We can use the flex plot to explore how we did in this workout. If I want to see if I am maintaining my technique as I get tired, I could look at the effective length of my stroke.
There might be a slight decline over the workout, but it looks reasonable.
But we can use this tool to look at the same variable a different way. For example, is there a relationship between effective length and my stroke rate. I can go and select stroke rate for my x-axis, and bada-boom, I get an insight. At lower stroke rates, I have a reasonable consistent effective length, but as my stroke rate goes up, the range of my effective length increases. I can see from this plot, that my rowing becomes more erratic at higher rates
What’s your Force Curve?
The EmPower Oarlock does not record your complete force curve, but Rowsandall can use the data that EmPower provides to generate a simplified “Force Curve”.
In Rowsandall, you can go into the interactive force curve tool for any workout with EmPower data and you see a screen like this.
The plot itself shows graphically the total length, effective length, peak force, and peak force angle. It also shows average values for average force, catch angle, Peak force angle, finish angle, slip and wash.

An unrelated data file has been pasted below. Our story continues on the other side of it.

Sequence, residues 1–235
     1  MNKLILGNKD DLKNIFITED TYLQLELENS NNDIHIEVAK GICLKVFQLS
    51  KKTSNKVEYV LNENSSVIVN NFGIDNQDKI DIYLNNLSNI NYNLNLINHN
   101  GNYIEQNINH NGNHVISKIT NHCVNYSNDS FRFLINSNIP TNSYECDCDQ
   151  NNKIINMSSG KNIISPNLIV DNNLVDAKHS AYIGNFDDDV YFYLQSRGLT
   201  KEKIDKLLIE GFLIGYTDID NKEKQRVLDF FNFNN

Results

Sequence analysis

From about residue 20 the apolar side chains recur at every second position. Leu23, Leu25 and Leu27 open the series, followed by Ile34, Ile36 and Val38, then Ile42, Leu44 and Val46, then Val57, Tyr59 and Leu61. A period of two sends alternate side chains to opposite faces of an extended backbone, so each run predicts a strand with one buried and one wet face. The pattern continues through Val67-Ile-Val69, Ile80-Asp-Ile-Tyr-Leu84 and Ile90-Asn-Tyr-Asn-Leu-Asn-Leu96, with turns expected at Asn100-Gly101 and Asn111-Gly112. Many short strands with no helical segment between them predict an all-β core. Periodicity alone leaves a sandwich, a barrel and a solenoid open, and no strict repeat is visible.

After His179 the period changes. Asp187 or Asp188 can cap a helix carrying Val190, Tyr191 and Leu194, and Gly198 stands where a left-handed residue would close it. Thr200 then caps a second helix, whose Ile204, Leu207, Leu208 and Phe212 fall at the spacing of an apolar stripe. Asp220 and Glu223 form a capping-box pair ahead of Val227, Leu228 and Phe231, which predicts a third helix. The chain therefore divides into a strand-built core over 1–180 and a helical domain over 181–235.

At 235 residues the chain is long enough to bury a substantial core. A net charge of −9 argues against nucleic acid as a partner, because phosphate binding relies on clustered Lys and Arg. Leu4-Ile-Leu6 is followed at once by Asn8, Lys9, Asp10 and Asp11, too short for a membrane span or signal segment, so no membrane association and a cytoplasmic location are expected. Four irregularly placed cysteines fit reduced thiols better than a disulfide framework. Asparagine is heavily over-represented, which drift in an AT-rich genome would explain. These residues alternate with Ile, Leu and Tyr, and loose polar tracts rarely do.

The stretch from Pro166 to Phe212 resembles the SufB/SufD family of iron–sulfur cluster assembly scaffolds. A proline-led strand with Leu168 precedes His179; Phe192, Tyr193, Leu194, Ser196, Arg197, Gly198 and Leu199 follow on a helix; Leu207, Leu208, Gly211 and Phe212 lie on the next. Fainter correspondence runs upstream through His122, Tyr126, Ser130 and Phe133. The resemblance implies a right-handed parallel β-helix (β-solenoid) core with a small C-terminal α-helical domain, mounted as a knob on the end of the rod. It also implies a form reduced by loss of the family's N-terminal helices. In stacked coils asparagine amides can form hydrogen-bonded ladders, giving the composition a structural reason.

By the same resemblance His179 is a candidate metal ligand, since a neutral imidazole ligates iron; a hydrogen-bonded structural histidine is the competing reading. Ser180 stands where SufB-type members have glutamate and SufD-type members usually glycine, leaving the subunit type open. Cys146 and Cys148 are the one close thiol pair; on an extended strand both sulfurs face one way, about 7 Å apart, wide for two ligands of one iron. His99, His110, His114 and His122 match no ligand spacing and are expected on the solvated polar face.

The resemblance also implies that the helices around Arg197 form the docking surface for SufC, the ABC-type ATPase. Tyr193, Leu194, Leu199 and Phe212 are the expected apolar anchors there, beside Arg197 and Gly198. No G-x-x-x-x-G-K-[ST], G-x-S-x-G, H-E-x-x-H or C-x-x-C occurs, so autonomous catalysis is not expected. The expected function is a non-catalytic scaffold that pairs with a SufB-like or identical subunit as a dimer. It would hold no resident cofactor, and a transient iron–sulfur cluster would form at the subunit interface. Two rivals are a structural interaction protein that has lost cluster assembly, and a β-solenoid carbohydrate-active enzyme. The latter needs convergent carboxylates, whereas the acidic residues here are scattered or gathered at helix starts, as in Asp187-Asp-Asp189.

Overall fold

But what makes it a really powerful analysis tool is the control panel over on the left side of the screen.
Starting at the top, by clicking on the blue button “Include rest strokes”, you have the ability to toggle between looking at all strokes, or just the “work” strokes. The next set of controls allows you to only look at your force profile over a restricted range of stroke rates.
Let’s try that out on the example workout. What if I wanted to see how my force curve was changing with stroke rate? To do that, I just move the sliders and the chart automatically updates. Below you can see two force curves, one for strokes below 24spm, and the other for strokes above 24spm.
You can see that my strokes above 24spm have a greater catch angle, longer total length, better slip, better wash, and therefore my effective length was almost 10 degrees better. My peak force angle also moved toward the bow by 6 degrees.
So, from a technique perspective, my strokes above 24spm were better.
I could also look at the effect of fatigue on my technique. Let’s compare my first and last intervals, for this I use the distance sliders.
The thing I find interesting in this comparison is that my peak force angle is moving early in the stroke for the last interval. The peak force is lower.
In the next installment, I’ll show how you can use the analysis tools on Rowsandall to gain a deeper understanding of your rowing, and monitor progress in your training